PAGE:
7 Exam review session; assignment due date. No session scheduled. Exam held. No session scheduled. No session scheduled.
8 No classes throughout MIT. No classes throughout MIT. No classes throughout MIT. No classes throughout MIT. No classes throughout MIT.
9 Sheep brain dissection lab. No session scheduled. Lecture session. No session scheduled. Lecture session.
10 Lecture session; assignment due date. No session scheduled. Lecture session. No session scheduled. Lecture session.
11 Lecture session. No session scheduled. Lecture session. No session scheduled. Lecture session.
12 No classes throughout MIT. No classes throughout MIT. Lecture session. No session scheduled. Lecture session.
13 Lecture session. No session scheduled. Lecture session. No session scheduled. Lecture session; assignment due date.
14 Lecture session. No session scheduled. Lecture session. No session scheduled. Lecture session; assignment due date.
15 Lecture session. No session scheduled. Exam review session. No session scheduled. No classes throughout MIT.
16 No classes throughout MIT. No classes throughout MIT. No classes throughout MIT; exam held. No classes throughout MIT. No classes throughout MIT.
Displays the color and pattern used on the preceding table to indicate dates when classes are not held at MIT. No classes throughout MIT
Displays the color used on the preceding table to indicate dates when lecture sessions are held. Lecture session
Displays the color used on the preceding table to indicate when lab sessions are held. Sheep brain dissection lab
Displays the symbol used on the preceding table to indicate dates when exams are held.Exam
Displays the color used on the preceding table to indicate dates when no class session is scheduled. No class session scheduled
Displays the color used on the preceding table to indicate dates when exam review sessions are held. Exam review session
Displays the symbol used on the preceding table to indicate dates when assignments are due. Assignment due date
Displays the symbol used on the preceding table to indicate dates when quizzes are held. Quiz
 

Instructor Insights

Dissecting a sheep’s brain helps students gain a better sense of the brain’s three-dimensional structure, which makes the course material more concrete.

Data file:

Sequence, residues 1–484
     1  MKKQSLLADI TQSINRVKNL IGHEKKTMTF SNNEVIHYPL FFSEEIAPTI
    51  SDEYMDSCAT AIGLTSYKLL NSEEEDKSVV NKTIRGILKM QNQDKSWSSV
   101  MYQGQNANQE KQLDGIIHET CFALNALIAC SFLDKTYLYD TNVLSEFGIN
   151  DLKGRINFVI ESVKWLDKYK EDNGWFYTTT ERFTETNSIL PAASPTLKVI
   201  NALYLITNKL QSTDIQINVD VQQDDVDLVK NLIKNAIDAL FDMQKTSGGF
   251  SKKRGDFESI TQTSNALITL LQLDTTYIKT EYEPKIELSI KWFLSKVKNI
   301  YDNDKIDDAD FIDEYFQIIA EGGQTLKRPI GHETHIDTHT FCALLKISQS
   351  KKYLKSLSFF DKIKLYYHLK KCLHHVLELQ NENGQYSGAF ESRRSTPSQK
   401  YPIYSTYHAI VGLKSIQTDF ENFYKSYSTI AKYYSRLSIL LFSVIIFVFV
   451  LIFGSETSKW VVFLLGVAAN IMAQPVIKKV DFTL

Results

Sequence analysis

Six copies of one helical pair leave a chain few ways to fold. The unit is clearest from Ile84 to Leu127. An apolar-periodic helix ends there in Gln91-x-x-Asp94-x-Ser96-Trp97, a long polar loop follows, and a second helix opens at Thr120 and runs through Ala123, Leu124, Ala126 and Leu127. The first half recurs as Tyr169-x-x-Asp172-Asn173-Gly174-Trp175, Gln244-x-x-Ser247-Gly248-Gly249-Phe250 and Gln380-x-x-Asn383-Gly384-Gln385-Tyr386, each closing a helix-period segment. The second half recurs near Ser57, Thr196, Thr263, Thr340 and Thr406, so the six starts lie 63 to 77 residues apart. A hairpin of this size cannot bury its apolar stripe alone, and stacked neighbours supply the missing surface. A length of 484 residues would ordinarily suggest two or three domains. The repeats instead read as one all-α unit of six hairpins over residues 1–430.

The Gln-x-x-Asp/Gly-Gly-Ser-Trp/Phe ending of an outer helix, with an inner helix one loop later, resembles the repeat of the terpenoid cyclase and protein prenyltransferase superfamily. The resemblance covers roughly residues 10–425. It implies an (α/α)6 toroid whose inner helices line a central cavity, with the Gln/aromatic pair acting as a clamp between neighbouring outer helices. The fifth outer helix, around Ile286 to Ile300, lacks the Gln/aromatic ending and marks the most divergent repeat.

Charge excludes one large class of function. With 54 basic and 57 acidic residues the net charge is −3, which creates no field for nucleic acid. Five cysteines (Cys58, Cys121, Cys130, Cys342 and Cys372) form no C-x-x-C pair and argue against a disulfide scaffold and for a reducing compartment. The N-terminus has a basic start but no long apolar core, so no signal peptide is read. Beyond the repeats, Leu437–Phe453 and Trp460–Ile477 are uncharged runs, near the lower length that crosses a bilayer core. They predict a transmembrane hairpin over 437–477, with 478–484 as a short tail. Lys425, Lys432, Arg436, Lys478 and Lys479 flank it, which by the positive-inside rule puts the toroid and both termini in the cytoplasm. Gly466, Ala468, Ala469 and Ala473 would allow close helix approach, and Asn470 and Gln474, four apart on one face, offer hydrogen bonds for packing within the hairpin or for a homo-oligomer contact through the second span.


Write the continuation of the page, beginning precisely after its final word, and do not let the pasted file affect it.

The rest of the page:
—Gerald Schneider

Below, Professor Schneider describes various aspects of how he taught 9.14 Brain Structure and Its Origins.

Course and Resource Development

The content of the course has evolved over the past 14 years. It began with a focus on the anatomy of model systems used in neuroscience research and in studies of brain development. This focus was designed to help students learn the relevant neuroanatomy. Since then, I’ve introduced more and more comparative anatomy. I’ve also added more and more content about brain development.

My experiences teaching this course are what inspired me to write Brain Structure and Its Origins in Development and in Evolution of Behavior and the Mind (2014). The material for the book, just like the material for the class sessions, was prepared over my many years of teaching and involvement in laboratory research on brain anatomy and function. The book will be required reading for residential learners beginning in Spring 2015; it may also serve as a helpful resource for independent learners studying the material through OpenCourseWare.

Helping Students Learn Complex Material

One challenge students face in this course is learning a large number of new terms. I help students meet this challenge by providing them with online access to a glossary written especially for this course. I also define the most important terms in class, and ask questions during lectures to trigger students’ active participation.

Another strategy I use to help students learn the complex material in this course is to begin the discussion of brain structure with what we believe to be the simplest nervous systems of some of the first chordate animals—animals that preceded all the vertebrates. Detailed discussion of large primate brains occurs only in the final part of the class and textbook. I simplify diagrams to emphasize major concepts.

Dissecting a sheep’s brain helps students gain a better sense of the brain’s three-dimensional structure, which makes the course material more concrete. This is important because, during class sessions, we view and discuss many illustrations; relating the illustrations to a real brain is crucial. The dissection experience increases students’ ability to think dynamically about brain illustrations, and for this reason, I would prefer to include at least two dissection sessions instead of only one.